It is unfortunate that cultures do not put more emphasis on the value of a technology for the purposes of creating a better world, as opposed to cost. Traditionally, advancements have existed for some time before being widely adopted, generally because they are cost prohibitive during the initial stages of development. When something is new, it may receive attention from small groups with vested interests in that area, but will not receive the mass rollouts that would be necessary to create a self-fulfilling situation of ongoing advancement. In the initial stages of development of almost anything, the initial group of those interested is willing to pay higher costs simply because they want to use that technology, even if it is available in a different form at a lower price. Only once costs have been driven down through general ”adaptations over time” does that technology begin to become more available to the wider audiences that will then supply additional research and development through their purchases. This is the case with green energy technology, which has existed as an alternative to fossil fuels for many years but has yet to receive widespread adoption in many areas of the world, even though it is known to be superior in most respects. The energy production models are chosen by the companies in control of consumer energy distribution, and they will nearly always choose the methods that have the lowest associated cost. Because they are “for-profit” businesses, they need to weigh the costs of production of the product against the environmental impact, then choose the production model based upon what the consumers are willing to pay. Profits are always considered before environmental impact in private businesses.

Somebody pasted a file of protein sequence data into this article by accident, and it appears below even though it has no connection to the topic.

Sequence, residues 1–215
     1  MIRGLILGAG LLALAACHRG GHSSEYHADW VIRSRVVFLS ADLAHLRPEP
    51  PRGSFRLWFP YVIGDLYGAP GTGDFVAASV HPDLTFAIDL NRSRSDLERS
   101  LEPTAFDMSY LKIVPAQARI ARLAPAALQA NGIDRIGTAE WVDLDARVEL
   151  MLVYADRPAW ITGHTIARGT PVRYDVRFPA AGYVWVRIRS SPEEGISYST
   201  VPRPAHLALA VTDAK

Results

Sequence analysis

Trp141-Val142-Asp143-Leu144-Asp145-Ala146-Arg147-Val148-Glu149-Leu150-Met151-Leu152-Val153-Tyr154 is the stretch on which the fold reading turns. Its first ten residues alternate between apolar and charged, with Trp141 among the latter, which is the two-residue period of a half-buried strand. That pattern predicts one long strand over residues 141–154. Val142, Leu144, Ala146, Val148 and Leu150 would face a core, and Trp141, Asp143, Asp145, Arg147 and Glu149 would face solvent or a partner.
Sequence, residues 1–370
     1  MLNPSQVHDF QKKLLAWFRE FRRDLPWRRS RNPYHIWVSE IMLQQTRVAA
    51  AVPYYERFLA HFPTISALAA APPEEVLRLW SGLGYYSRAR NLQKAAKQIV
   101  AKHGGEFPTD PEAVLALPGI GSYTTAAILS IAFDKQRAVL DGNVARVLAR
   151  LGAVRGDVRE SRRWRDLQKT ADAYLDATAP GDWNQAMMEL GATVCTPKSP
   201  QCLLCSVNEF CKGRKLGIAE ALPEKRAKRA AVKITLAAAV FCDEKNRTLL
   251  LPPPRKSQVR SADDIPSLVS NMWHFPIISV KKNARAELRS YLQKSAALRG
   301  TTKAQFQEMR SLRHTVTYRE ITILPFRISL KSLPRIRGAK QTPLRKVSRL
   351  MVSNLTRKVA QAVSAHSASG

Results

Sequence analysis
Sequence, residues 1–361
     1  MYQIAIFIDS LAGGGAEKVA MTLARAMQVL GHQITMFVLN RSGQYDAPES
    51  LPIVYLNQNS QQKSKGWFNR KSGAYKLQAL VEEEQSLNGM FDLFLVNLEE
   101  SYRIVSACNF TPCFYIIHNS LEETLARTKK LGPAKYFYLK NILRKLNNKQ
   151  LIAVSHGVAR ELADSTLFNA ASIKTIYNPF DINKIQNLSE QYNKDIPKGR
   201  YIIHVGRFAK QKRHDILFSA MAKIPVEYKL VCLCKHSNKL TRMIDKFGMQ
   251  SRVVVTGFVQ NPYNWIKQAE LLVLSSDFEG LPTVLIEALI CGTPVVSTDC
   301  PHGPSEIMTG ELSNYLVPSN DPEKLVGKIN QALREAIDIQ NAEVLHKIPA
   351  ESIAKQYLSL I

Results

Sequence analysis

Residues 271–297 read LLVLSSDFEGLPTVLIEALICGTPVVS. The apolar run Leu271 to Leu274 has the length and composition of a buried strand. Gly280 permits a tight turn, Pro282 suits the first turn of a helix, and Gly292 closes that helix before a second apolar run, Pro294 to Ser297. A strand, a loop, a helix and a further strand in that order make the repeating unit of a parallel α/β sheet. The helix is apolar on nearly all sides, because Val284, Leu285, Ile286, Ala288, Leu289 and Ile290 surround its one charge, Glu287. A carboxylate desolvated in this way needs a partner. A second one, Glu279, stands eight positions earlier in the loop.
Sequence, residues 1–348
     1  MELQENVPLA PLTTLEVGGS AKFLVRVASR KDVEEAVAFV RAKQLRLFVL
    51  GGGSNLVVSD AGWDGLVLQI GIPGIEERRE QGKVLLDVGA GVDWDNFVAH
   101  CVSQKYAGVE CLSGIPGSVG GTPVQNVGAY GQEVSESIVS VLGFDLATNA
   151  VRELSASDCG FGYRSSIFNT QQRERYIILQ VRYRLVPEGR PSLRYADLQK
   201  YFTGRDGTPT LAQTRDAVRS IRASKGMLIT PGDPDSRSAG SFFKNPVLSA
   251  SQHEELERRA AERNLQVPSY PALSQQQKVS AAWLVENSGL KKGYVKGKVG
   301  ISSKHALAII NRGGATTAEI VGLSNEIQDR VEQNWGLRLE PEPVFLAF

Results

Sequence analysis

The green energy markets exist as tested and verified alternatives to fossil fuel production of the same product. Green energy models have had a higher cost of production in the past because of the cheap availability of fossil fuels, and the need for higher levels of technology to produce the energy that is purchased by consumers. The argument has traditionally been that since there is no pollution created, the method of choice should be green and consumers should be willing to pay a premium for it. Consumer support will generally go the opposite direction if there is not perceptible negative impact in the current time, essentially making the rollout of more expensive but cleaner products difficult because the public is unwilling to pay for them. People are willing to accept a certain amount of damage in order to save money, and as long as they cannot readily perceive that damage they will support the cheaper methods. This is why mass adoption of green technologies has taken so long, because the methods had to exist in working models for lengthy periods of time, evolving and streamlining on their own, to the point of finally representing the cheaper production method. Once the public can see that they will not only have a cleaner environment but will also pay less per month, their support shifts to the alternatives. This has been accomplished through the integration of technologically advanced surge protection devices, which curb the expected damages to equipment in the field as a result of power surges. Lightning strikes to wind turbines are a common cause of damage to computerized components, and through the integration of new and better surge protection devices that damage is being minimized more every year. We are now to the point where the costs of damage on a quarterly basis are lower than the costs of fossil fuel purchase, effectively making wind and solar power cheaper to produce. From the unlikely source of surge protection comes the evolution to an industry that will keep the world functioning, only without the pollution of the past.